Gentrification in Bangkok: Transforming rundown areas into ‘hip’ neighbourhoods. A Talk by Jaturong Pokharatsiri



Since its conception in London in the 1960s, arguing for the socio-physical transformation of inner cities’ neighbourhoods, gentrification has gradually become a common phenomenon evidenced worldwide in both urban and rural settings. The proposed discussion on “Gentrification in Bangkok” consists of three parts: 1) theoretical debates and uses of the term gentrification; 2) evolution of the concepts and involved measurements; 3) Bangkok case studies and future impacts. The first argues the variety and appropriateness of the term ‘gentrification’ used in urban/rural transformation with global case evidences in the UK, US, Canada and China. The second exemplifies the measurements of gentrification in urban policy-making and development planning, focusing on conservation, tourism and regeneration in New York, Luang Prabang (Laos), Hoi An (Vietnam) and Amphawa (Samut Songkhram Province, Thailand). The third emphasises the situations in Bangkok’s neighbourhoods of Banglamphu (tourism gentrification), Ari (new-built gentrification), and Charoen Krung/Khlong Sarn (functional gentrification) and their impacts on the socio-physical value and sense of place, including affordability, quality of life and place-identity. The conclusion draws attention on the stakeholders’ and decision makers’ viewpoints on the possibilities of exploiting gentrification for both successful place-making and towards future sustainable development goals.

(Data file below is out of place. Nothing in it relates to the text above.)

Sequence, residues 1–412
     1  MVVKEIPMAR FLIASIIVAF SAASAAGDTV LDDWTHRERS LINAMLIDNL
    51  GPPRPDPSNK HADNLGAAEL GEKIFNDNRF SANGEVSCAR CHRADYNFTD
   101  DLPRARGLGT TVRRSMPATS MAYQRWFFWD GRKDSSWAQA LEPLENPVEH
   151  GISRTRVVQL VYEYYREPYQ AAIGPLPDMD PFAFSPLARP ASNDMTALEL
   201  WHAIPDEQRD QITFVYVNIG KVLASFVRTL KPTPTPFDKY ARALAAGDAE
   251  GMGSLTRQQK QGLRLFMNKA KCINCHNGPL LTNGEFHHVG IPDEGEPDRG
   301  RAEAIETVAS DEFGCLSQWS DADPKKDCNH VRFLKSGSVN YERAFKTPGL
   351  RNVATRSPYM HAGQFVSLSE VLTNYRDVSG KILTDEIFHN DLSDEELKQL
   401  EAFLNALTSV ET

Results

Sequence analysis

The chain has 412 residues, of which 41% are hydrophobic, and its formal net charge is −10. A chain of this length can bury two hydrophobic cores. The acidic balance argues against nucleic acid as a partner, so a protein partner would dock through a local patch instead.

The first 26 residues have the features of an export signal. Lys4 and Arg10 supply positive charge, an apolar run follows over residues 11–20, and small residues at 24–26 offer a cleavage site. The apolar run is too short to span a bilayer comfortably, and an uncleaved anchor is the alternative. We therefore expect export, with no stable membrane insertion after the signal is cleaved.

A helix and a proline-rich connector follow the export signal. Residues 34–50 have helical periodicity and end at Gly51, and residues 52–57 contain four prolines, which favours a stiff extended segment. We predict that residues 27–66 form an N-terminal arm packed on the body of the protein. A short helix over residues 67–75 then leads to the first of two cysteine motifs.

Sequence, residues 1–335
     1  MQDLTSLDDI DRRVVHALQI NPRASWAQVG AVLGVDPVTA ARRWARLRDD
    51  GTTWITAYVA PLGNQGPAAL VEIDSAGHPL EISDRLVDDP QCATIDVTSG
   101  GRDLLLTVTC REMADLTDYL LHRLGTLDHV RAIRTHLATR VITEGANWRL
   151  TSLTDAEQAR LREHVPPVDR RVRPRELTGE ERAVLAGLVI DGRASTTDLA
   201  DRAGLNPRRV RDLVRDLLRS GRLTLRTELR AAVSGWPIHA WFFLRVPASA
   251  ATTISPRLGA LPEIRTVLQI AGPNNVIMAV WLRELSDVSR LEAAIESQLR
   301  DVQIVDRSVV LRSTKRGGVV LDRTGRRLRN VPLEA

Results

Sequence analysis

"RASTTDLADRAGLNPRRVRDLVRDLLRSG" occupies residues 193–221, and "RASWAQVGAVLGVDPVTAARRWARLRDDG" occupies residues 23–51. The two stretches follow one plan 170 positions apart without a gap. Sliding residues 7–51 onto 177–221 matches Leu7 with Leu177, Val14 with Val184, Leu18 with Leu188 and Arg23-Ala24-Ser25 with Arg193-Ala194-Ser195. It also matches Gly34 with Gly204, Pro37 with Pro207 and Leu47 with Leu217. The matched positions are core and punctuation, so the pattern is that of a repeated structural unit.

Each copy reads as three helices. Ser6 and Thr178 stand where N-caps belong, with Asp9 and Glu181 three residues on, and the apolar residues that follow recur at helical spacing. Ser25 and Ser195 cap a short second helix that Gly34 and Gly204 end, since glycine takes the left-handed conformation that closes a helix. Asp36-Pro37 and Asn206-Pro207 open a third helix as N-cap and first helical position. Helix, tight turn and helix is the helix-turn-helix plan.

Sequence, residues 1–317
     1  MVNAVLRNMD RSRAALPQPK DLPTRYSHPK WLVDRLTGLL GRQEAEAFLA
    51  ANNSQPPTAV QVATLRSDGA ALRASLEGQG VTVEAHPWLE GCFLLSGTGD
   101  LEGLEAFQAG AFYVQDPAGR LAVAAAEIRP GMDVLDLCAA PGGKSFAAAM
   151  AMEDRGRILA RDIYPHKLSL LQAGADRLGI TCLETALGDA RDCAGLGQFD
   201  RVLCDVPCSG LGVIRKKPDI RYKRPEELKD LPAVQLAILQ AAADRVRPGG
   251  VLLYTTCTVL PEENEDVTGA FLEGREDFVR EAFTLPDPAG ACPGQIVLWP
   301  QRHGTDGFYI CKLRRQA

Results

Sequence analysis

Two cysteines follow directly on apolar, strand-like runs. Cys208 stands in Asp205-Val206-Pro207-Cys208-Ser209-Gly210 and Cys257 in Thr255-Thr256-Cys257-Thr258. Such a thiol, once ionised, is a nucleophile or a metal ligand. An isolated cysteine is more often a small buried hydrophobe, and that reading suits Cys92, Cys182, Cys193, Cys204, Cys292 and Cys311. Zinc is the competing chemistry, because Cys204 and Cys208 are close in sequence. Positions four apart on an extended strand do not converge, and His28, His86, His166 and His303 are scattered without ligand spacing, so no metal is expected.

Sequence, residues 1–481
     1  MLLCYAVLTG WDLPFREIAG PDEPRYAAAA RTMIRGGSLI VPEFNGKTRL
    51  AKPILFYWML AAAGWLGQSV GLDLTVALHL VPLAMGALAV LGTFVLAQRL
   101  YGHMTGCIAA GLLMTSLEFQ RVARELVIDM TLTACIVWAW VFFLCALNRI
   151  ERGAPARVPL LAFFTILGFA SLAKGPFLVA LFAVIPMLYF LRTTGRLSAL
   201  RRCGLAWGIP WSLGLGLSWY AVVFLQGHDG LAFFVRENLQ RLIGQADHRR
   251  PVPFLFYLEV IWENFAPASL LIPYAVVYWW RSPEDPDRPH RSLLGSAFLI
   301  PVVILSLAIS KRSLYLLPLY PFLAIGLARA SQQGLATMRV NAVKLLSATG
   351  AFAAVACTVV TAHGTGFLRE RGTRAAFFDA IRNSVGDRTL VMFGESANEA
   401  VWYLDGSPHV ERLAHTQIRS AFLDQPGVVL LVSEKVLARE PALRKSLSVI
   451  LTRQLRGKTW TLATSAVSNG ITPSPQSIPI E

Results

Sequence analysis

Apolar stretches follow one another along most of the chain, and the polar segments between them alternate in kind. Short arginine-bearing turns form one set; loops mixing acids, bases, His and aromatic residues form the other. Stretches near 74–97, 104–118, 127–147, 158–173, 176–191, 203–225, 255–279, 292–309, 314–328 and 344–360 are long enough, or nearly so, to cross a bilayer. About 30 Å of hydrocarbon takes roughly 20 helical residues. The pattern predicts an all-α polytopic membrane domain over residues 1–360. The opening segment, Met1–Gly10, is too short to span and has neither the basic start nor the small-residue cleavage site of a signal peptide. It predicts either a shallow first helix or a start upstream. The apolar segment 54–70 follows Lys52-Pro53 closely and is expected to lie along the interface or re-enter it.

Dr. Jaturong Pokharatsiri submitted his thesis for a Master of Urban and Regional Planning on gentrification and place-identity in the tourist historic neighbourhoods of Bangkok in the late 1990s. He has been observing the phenomenon in the city ever since, while also expanding his knowledge of tourism gentrification and social value assessment research, which resulted in his Ph.D. dissertation into rural settlements of Thailand. Actively working in urban planning and currently teaching at the Faculty of Architecture and Planning, Thammasat University, he also serves as a Vice President of ICOMOS International Scientific Committee of Cultural Tourism, and as a member of the board committee of ICOMOS Thailand and of the conservation committee of the Association of Siamese Architects.

Date: Thursday, 19 April 2018
Time: 7.30 p.m.
Place: The Siam Society, 131 Asoke Montri Rd, Sukhumvit 21

Non-members donation: B200. Siam Society members, members’ spouses and children, and all students showing valid student ID cards are admitted free of charge. For more information, please contact Khun Arunsri or

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The Siam Society is deeply grateful to the James H.W. Thompson Foundation for its generous support of the 2017-2018 Lecture Series.